What we now regard as the first glossaries of English slang—they were actually collections of criminal jargon—appeared in the 1500s. Looking back, some of the details may be blurred, but the themes that would characterize slang for the next half a millennium are already evident. There’s sex (to wap), intoxication (booze), and money (lour); man (cove) and woman (mort); the penis (jockum) and the vagina (cony). There’s buttocks (prat) and excrement (turd), thieves (prigs) and policemen (harman-becks). And there’s stupid (blockish) and mad (lightheaded).
When I consider the 125,000 slang words and phrases I’ve collected over my career, from five continents, filling an ever-expanding database, one thing’s clear: slang is repetitive. It is touted as speech’s cutting edge, yet its preoccupations are unchanging. The jury may be out on whether slang is a language—it’s got no grammar, which means it isn’t; it’s an undeniable form of communication (perhaps the liveliest), which means it is—but either way, it is an unrivaled repository of synonyms.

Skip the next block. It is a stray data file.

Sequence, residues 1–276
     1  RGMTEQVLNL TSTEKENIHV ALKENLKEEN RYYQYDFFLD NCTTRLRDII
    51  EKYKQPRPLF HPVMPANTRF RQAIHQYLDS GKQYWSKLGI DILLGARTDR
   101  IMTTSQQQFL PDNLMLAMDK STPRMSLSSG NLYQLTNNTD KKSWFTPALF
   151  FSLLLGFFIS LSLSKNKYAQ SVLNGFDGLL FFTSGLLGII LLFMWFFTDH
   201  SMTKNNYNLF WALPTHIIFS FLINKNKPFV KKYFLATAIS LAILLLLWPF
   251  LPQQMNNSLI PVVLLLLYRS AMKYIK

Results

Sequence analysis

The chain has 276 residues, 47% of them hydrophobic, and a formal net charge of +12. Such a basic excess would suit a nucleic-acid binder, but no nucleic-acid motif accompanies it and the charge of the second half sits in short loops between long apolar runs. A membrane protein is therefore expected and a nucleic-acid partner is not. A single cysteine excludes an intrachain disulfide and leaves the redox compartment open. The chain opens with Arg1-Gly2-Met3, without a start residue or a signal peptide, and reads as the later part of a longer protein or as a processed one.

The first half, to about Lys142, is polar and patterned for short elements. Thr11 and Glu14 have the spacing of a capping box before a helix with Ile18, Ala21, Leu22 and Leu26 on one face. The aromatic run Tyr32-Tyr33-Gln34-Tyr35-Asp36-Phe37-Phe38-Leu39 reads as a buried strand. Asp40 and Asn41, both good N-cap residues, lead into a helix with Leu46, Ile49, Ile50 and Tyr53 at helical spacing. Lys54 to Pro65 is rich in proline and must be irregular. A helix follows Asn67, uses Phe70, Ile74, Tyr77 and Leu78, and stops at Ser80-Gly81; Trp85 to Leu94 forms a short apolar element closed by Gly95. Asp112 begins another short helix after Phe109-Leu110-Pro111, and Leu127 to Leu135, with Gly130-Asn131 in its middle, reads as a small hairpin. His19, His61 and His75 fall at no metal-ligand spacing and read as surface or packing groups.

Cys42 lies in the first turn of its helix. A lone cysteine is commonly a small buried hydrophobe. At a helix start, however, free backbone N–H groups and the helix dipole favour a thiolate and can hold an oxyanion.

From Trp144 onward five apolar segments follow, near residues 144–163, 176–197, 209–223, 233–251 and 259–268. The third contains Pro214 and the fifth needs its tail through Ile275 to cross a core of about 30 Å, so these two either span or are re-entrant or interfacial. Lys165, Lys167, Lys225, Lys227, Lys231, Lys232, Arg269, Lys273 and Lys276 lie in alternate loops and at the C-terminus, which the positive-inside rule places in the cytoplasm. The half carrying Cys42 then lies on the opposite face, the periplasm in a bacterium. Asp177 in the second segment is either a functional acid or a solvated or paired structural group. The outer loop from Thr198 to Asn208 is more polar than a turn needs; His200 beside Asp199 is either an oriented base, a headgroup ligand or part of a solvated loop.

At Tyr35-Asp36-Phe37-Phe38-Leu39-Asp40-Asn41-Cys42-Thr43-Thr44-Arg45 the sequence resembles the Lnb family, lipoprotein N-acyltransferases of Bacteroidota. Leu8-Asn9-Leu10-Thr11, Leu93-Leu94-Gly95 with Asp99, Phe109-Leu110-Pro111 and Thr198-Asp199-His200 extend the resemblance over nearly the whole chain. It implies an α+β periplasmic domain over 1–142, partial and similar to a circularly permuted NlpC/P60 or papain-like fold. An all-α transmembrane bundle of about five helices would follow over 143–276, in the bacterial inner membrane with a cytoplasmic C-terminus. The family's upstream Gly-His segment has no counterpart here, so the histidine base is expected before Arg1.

Slang’s obsessions embody what Freud called the id and I call humanity at its most human. Where Standard English cheerfully makes do with single terms—sexual intercourse, drunk, stupid—slang offers respectively 1,750, 2,500, and 1,000 variations. The same goes for slang’s other chart-toppers: we find myriad entries in such categories as drugs, criminals, police officers, the genitals, money, and so on. Why? Why do we need so many variations on these themes? Why 1,200 penises, and 1,200 prostitutes? Why, for Christ’s sake, 220 ways of saying vomit? Enough, surely, should be enough, even for the most obsessively foulmouthed.